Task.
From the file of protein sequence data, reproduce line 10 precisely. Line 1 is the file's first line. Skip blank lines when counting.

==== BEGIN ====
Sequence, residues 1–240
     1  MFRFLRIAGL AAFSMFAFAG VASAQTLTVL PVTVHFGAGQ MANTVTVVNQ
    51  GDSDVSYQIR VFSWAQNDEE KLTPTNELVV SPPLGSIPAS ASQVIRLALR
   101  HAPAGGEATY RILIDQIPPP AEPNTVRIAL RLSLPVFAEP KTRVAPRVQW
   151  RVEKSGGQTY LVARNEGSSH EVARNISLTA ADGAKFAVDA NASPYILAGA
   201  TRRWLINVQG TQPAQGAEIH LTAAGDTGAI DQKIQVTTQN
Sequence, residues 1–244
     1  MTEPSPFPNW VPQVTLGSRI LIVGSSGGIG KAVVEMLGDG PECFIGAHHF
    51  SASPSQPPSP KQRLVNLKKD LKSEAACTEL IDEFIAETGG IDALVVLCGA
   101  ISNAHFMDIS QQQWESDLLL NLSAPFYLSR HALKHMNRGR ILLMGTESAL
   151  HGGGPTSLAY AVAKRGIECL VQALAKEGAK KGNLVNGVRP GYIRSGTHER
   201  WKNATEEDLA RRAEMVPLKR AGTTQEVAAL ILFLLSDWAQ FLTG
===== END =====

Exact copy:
   101  ISNAHFMDIS QQQWESDLLL NLSAPFYLSR HALKHMNRGR ILLMGTESAL